All the paintings seemed chaotic, created in hallucinogenic rapture, the sense behind it all was difficult to grasp: dancing, hunting, animals, plants and people. The Sistine Chapel of the Amazon, at last.

After an hour they turned around. Looking down at the valley of the Rio Ajaju the river was only a lush green carpet of vegetation away.

The following day, Maciek and Dominik wanted to continue their journey up river, to see more of the murals. The other two had a different opinion.

“I am exhausted” Shane explained. “I am not paddling up the Ajaju against the current.”

Maciek tried to convince them that it was worth trying. Seeing the murals had been the expedition’s primary goal. “If the current in the tributary is too strong, we will turn back, but we should at least try” Maciek argued.

“We are not going up the river,” Michał, the expedition photographer, backed up the Irishman, “we can wait for you on the Apaporis.”

But Dominik’s health was a problem, he had not been well. There was no point splitting up.

They elected to stick together and the next few days saw the explorers haul 15km through the virgin rainforest from the Apaporis to San Jorge. It took them two and a half days to hike over the hills, the marshes, and numerous streams. Michał cut a path through the foliage holding a GPS in one hand and a machete in the other. Having left behind the last obstacle, the muddy terrain blocking access to the water, they carried on down the San Jorge river towards El Tubo Canyon. The team were due to be collected from El Tubo by motorboat in three days time. Dominik was still struggling, and Maciek was thinking about calling for medical help. It would be possible to organise quick evacuation to hospital using their Global Rescue Insurance. After a discussion they decided to ask Piotr Chmieliński and Tomasz Jakubiec, both expert kayakers who had supported their expeditions before, for help. It was Piotr who had arranged the boat due to collect them in El Tubo. Time was of the essence and the team would have to pick up their pace.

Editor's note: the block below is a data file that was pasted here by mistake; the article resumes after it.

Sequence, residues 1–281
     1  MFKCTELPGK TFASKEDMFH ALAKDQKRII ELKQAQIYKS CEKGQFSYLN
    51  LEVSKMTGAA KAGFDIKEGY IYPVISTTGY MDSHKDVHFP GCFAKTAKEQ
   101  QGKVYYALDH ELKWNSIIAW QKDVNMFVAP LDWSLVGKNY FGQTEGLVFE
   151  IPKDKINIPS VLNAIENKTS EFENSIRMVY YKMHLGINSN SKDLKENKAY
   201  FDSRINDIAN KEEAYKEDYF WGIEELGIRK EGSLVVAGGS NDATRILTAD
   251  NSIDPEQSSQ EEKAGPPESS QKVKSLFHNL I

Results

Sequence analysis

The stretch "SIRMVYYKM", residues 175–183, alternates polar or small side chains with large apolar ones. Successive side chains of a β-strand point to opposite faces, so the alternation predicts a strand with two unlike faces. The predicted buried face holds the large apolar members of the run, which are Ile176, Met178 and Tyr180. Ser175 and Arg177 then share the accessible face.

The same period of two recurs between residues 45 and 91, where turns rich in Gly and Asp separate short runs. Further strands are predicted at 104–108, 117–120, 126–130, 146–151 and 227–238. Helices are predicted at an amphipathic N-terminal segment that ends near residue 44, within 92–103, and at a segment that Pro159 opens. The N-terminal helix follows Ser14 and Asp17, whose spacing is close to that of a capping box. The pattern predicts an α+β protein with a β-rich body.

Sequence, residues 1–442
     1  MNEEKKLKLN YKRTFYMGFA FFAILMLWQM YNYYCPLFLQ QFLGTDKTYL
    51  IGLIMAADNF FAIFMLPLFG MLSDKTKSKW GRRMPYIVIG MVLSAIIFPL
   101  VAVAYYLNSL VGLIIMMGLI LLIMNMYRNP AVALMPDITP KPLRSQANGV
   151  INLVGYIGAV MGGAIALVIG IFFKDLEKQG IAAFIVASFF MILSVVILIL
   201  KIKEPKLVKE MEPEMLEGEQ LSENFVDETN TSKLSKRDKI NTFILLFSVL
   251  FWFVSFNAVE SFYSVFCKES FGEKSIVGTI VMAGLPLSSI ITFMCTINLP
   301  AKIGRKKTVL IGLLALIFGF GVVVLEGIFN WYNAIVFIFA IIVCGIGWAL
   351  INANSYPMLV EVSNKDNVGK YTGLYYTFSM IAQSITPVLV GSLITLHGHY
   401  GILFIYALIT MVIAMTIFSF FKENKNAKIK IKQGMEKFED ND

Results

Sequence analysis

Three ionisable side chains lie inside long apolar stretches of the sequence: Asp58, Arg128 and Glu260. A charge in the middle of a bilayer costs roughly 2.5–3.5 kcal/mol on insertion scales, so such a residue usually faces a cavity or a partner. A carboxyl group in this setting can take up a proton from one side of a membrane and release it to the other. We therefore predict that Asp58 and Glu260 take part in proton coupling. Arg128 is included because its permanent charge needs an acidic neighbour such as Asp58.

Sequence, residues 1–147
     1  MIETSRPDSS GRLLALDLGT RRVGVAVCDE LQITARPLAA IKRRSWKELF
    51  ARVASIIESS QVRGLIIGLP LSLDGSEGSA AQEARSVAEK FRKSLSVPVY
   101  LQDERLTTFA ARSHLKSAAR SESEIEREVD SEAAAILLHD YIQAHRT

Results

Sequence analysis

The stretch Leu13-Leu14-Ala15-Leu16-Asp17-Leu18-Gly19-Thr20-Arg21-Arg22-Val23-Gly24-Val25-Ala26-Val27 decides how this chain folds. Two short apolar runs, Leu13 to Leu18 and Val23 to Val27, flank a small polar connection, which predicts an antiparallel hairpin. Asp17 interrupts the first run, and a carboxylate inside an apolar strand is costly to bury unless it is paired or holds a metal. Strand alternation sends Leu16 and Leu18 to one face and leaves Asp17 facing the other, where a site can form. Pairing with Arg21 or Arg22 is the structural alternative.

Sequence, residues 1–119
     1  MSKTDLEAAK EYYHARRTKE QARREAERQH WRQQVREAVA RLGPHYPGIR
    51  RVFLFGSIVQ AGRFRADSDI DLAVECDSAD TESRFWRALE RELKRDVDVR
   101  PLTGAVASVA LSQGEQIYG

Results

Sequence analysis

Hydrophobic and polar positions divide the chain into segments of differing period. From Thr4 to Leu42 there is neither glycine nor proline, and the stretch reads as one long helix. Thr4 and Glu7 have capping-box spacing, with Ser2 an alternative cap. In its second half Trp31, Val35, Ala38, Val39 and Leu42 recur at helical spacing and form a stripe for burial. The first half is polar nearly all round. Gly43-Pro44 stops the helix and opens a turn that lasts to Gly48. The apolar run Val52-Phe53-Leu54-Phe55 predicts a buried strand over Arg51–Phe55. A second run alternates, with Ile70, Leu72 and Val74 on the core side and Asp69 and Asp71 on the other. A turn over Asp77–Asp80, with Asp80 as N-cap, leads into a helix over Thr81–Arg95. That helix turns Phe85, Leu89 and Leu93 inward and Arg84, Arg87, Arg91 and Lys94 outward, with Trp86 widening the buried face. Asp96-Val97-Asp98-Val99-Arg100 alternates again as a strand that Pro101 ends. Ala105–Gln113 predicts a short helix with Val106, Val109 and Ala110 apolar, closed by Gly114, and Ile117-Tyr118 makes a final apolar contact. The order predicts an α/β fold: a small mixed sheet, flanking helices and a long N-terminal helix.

Maciek knew the Rio San Jorge well. Five years before, as perhaps the first white man ever, he descended the river with an Indian guide, Jaime Gomez. Now he would lead this latest expedition down the river. After carrying the packrafts across two waterfalls amongst the headwaters, Maciek guided Dominik through the dangerous rapids. Shane and Michał also took turns leading the way for a few hours. The speed of the current increased quickly and the rapids they were approaching looked to be up to one and a half meters in gradient. “Looks like fun,’’ thought Maciek, “it’s too shallow on the left, and on the right we will get a good mauling from the trees.” He elected to take the middle course, grabbed his paddle and set off. Almost immediately he crashed in to a boulder. He turned around to check on Dominik and saw the fierce waters of the San Jorge spit Dominik out, shooting him through the air like legendary Finnish ski jumper Janne Ahonen.